This year's North American International Auto Show was full of compelling auto stories, the 2014 Chevrolet Corvette Stingray and Mercedes CLA among the most intriguing. In addition to the big debuts, the show was stocked with plenty of other glistening fiberglass and aluminum conveyances that, while they didn't quite make our best of Detroit coverage, did smile brightly in front of the camera.
Bentley gave the world a pretty thorough preview of the "world's fastest four-seat convertible" a couple weeks before the show. With some hard work by the 616-bhp 6.0-liter twin-turbo W12, the Continental GT Speed Convertible can hit 202 mph (325 km/h). It accelerates to 60 mph (96.5 km/h) in 4.1 seconds. Some elements you'll notice on the exterior include 21-inch alloy wheels, dark-tint grilles and rifled exhaust tailpipes. We prefer it in blue over the original purple.
Unlike its big, sexy brother, the Concept B-Class Electric Drive wasn't quite exciting enough to score a spot on our list of top concepts from 2012. But that reflective electric blue paint job does grab the eye no matter what form it's covering. More practical than the SLS AMG E Drive, the Concept B-Class is a five-seat hatchback that uses a 134-hp electric motor. It was unveiled at the 2012 Paris Motor Show. Car & Driver reported last year that Mercedes will sell the production version in the United States.
If you ask us, every auto show needs a little bit of unadulterated Italian eye candy. The Ferrari F12 Berlinetta may be nearly a year old, but it still fills that role without a problem. The new Corvette reminds us a bit of this one, but the F12 is still the more exciting design. The 740-hp coupe has about another month of bragging rights as the fastest, most powerful road-going Ferrari before the upcoming F70 assumes control of the throne in Geneva.
It's hard to make an entry level sedan like the Toyota Corolla exciting. But with a sportier profile, a bunch of carbon fiber, an aggressive name and a blazing orange paint job, Toyota may have done it. Designed to be a more "ferocious," furious take on the Corolla, the Furia concept "uses pure and simple surface elements to create a confident, more decisive appearance." Toyota calls that orange color "Fuego Furioso." While the next production Toyota will undoubtedly be a little less furioso, Toyota does say that this concept provides a message about the direction it plans to head in the future.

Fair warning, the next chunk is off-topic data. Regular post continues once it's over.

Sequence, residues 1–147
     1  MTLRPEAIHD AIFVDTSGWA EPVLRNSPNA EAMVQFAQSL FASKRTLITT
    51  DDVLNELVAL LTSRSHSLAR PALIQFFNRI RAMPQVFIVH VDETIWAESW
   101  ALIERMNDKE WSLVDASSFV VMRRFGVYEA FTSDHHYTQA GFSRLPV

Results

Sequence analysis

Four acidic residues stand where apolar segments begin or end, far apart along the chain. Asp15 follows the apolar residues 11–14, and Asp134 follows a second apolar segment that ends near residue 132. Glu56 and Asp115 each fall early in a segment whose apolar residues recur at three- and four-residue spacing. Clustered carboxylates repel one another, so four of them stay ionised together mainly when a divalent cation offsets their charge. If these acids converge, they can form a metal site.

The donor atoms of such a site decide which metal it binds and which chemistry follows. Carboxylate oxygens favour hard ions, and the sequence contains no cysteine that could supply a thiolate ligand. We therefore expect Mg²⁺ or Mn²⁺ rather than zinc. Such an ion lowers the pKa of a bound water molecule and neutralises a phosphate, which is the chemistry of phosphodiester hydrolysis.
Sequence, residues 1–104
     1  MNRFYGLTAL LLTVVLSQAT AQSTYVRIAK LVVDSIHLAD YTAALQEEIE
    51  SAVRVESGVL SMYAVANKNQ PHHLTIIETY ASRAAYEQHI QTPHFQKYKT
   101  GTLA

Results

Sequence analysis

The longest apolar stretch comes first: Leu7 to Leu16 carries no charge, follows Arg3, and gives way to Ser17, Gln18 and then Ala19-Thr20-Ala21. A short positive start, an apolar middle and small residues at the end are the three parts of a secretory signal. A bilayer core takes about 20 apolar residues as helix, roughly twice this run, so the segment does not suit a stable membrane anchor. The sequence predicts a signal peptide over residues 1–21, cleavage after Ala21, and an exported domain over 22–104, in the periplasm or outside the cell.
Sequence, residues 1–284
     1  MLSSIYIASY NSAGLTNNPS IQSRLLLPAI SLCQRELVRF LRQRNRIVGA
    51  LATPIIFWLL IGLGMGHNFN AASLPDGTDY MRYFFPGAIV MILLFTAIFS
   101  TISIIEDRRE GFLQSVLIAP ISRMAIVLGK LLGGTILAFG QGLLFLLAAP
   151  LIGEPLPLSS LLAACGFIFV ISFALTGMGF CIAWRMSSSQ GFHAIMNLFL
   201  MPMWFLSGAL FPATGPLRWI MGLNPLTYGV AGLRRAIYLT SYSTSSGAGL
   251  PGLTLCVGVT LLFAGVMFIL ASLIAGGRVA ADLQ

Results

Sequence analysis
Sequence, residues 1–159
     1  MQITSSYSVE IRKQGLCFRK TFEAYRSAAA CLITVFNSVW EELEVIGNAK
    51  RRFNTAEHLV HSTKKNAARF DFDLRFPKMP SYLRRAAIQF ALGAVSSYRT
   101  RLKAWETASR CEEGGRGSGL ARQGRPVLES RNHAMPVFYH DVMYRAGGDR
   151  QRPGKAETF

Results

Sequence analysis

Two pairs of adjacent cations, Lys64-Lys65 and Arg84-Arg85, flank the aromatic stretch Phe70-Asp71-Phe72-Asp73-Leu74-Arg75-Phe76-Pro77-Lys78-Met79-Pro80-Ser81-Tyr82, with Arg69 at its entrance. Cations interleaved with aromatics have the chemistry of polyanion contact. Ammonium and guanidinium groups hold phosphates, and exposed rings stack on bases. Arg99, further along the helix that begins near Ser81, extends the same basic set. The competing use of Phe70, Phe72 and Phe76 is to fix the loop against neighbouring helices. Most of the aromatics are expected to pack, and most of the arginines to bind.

The Tesla Model X isn't as pretty as the Roadster or Model S, but it definitely stands out, even in a show hall filled with perfectly polished automobiles. When open, the distinctive Falcon Wings in the rear reveal two benches of seating, the rear-most of which doesn't appear suitable for anyone that measures his age in double digits. Like the Model S, Tesla's first SUV will come in both rear- and all-wheel-drive configurations. Tesla plans to launch the Model X in 2014 for a price that's comparable to a similarly equipped Model S.
Last year, the original Japanese supercar got a modern update. In a collaborative effort organized by the Toyota Automotive Association, more than two dozen companies outfitted the 1967 2000GT with a 120 kW electric motor and solar panels on the hood and rear glass. One of those partners – Aisin – had the car on display at its booth at the Detroit show. The car is capable of speeds up to 124 mph (200 km/h).
Auto shows tend to lean overwhelmingly toward vehicles with four or more wheels, but while darting from one car manufacturer's dais to the next, we did happen across some delectable two wheeled machines – like Honda's CBR1000RR sports bike.
Check out the full photo gallery for more of our "best of the rest" Detroit round-up.
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